Classroom Strategies

Refocusing on Your Learners

5 ideas to create a student-centered classroom

Teaching and learning are active sports. In all of the rushing, how often do you slow down, take a step back, regain focus on learning, and become better at engaging your learners? We also need to regain focus on our own behaviors and thinking. When we are rushing around blindly covering content and rushing to supervision duties, it can be easy to lose sight of our students and only keep adherence to compliances in view. When this happens, students miss out–some more than others–and instruction becomes less inclusive, less rich, and less accessible. And thus, academically, our students are less successful.

So let’s walk through a list of ideas that can help us refocus on the learners in the room, so we can reach all students and create a classroom culture that is student-centered rather than teacher- or compliance-driven.

  1. Let your guard down. Part of building authentic relationships with others is to become more vulnerable. It’s a way to build trust between you and your students.How do I become more vulnerable with my students? Share some of your own personal “eccentricities,” your mistakes, and the things you find challenging so your students understand your humanness and aren’t afraid to take risks in the classroom themselves. Find those connection points.Why should I become more vulnerable? Because you are human and you need to connect to your students to build your relationship. You are not becoming friends; you are opening your door as a professional to allow the connection so students trust you and you trust them. Trust is a huge determinant of how engaged your students will be when faced with challenging academic content. Without trust, students may shut down, but with it, they’ll be open to the productive struggle that will ultimately make them successful.
  2. Slow down. Now think about how the fast activity-based you and the slower-paced reflective you change the feel and capability of you and your students in your class.How do I slow down? Open your plan book or your document and look at what you have planned for the week. Highlight your big idea or main learning objective from your standards or curriculum for the week. How can you take your big idea and allow for greater student engagement and access for all students to your whole-class instruction, rather than simply adding more activities?Why should I slow down? This will allow you to focus on students rather than activity-planning. It will also reduce your own burnout rate.
  3. Be open-minded. Sounds easy but we all have a set of preconceived ideas about people and our expectations of them.How do I become more open-minded? It’s not easy but it really begins with identifying the predetermined ideas we have about our students, and why we have them. It may take some time, but think about your students and the preconceived ideas you have about them, and identify why you place this idea on them. How can you think more openly about your expectations of them?Why should I spend time intentionally working on becoming more open-minded? No one wants to be judged, and taking time to dig into your own thinking about your students will deepen your appreciation for those you serve. This process allows you to see the strengths in your students, which in turn can help you see how students can have a greater voice in their learning processes and environment.
  4. Step into facilitation mode. As teachers, it can be hard to step back from being in the role of “director” and into the role of “facilitator,” but becomes easier as the strength of your relationship with students increases.How do I become more of a facilitator? You can take on more of a facilitator role when you start stepping back in class discussions, letting students take the lead. You can allow students to lead discussions or offer ideas for further learning engagements. If this is a challenge, schedule it in your planner when you will offer these openings or set a timer for it during class. Explain to the students your intentions in this shift.Why should I take more of a facilitator role? When you step back from being in the director role, you will see more students stepping up, gaining confidence, and becoming more engaged in class experiences.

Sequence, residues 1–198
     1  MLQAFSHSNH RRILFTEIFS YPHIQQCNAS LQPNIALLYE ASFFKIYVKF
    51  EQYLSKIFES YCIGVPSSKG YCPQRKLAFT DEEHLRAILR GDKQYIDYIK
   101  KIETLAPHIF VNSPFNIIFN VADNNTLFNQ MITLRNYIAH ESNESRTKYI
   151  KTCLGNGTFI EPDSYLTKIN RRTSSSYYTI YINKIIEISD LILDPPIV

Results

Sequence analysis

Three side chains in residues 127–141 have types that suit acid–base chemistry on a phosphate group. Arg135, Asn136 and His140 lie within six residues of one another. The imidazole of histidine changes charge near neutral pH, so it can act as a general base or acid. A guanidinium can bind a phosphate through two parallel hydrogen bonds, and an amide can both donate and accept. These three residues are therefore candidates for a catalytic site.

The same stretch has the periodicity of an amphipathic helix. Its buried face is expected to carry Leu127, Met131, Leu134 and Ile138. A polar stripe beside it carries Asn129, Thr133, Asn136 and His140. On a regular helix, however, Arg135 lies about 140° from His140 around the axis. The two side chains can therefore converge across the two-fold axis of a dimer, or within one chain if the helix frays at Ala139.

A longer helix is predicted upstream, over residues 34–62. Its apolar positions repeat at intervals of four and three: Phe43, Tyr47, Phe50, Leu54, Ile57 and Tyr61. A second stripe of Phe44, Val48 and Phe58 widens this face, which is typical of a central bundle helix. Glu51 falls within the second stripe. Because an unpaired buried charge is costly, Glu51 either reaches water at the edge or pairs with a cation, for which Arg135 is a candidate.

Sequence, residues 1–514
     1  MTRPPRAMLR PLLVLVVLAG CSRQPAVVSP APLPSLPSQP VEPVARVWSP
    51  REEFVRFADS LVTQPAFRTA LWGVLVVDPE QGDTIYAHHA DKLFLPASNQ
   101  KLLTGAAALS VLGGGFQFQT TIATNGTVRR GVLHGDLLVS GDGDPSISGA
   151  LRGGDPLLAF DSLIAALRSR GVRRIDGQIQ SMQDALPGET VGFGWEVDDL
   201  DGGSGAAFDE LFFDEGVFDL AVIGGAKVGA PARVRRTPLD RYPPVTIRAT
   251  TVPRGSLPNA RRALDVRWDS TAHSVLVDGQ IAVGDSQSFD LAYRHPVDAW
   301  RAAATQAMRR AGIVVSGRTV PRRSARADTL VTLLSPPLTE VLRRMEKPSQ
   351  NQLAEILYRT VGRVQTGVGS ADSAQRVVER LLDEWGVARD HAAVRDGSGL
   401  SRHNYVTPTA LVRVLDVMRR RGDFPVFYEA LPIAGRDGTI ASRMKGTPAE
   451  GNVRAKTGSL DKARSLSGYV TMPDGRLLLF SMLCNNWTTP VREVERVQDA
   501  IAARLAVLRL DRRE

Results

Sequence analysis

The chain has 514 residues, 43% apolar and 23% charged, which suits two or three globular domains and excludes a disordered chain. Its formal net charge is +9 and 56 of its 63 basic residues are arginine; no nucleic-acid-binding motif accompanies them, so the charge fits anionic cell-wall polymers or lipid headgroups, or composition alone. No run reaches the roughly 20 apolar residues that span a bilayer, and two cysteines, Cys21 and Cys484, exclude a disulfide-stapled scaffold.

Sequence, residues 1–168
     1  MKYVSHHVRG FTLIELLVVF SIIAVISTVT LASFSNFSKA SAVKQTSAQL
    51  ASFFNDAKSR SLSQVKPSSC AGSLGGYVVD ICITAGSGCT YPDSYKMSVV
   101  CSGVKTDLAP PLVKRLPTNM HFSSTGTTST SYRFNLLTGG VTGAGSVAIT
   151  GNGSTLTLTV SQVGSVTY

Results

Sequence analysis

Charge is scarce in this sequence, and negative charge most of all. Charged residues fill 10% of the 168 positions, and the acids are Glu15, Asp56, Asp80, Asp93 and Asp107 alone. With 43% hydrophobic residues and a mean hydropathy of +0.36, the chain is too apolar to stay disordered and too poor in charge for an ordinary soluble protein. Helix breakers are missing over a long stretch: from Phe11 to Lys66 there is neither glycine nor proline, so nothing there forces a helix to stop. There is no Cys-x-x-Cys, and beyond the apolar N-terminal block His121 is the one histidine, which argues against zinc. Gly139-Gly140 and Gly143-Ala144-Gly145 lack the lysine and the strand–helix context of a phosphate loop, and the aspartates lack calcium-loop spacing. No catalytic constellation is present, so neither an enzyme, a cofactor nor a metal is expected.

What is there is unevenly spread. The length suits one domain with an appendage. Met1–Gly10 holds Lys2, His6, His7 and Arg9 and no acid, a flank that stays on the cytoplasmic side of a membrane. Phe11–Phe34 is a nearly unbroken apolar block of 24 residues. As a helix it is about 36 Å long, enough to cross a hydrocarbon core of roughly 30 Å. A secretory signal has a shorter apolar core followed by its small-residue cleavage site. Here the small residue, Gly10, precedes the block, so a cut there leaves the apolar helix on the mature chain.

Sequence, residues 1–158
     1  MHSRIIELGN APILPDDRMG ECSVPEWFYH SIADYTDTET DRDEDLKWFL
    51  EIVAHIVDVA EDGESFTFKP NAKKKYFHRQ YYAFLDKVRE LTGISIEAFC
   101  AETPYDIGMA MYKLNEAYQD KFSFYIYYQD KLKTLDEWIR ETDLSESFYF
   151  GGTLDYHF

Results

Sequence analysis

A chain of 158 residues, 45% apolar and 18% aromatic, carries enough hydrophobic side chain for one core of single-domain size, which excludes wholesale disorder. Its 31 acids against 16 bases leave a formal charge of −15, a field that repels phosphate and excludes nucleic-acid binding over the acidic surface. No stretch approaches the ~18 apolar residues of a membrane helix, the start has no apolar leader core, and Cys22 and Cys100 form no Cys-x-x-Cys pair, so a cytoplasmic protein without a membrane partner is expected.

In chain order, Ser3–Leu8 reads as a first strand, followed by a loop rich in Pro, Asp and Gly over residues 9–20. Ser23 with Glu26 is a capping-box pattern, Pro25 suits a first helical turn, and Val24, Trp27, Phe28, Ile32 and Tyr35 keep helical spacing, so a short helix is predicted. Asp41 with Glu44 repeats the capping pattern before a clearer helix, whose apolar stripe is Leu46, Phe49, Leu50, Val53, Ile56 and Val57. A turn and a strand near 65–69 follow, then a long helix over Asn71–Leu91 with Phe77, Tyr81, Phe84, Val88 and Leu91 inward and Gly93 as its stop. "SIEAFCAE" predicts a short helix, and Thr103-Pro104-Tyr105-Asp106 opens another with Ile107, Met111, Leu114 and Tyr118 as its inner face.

5. Reflect and revamp. One of the most important parts of making improvements in your practice will always be building in time for reflection, for yourself and with your students.How do I build in reflection? Make it part of your plan. Invite students into the reflective process while making these shifts. Ask them how they feel about having more voice in decision-making. Ask if they have more motivation, feel more appreciated, or feel more excited about learning. Ask, ask, ask. Then adapt and keep the cycles going.Why should I reflect and revamp? Reflection is a powerful tool to step back and evaluate shifts in practice. When you do so, you enable openings in your time to get deeper into content because you have invested time in building relationships with students. As a result, students will be more invested in their own learning because they have the autonomy to do so.

Shifting our own behaviors will allow for greater student engagement because students then see that we are no longer just deliverers of content, but facilitators of meaningful learning who are truly committed to them as people and their journeys as learners.

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About the Author: Tamera Musiowsky-Borneman is an international educator, advisor, and coach who has taught and has held educational leadership roles in Singapore, New York City, and Edmonton, Canada. She is the creator of EdCoach Coffee Break, co-host of Ed-Talk Live, an active member of ASCD, President of ASCD Emerging Leaders Alumni Affiliate (ELASCD), and KDSL Global Advisory Member.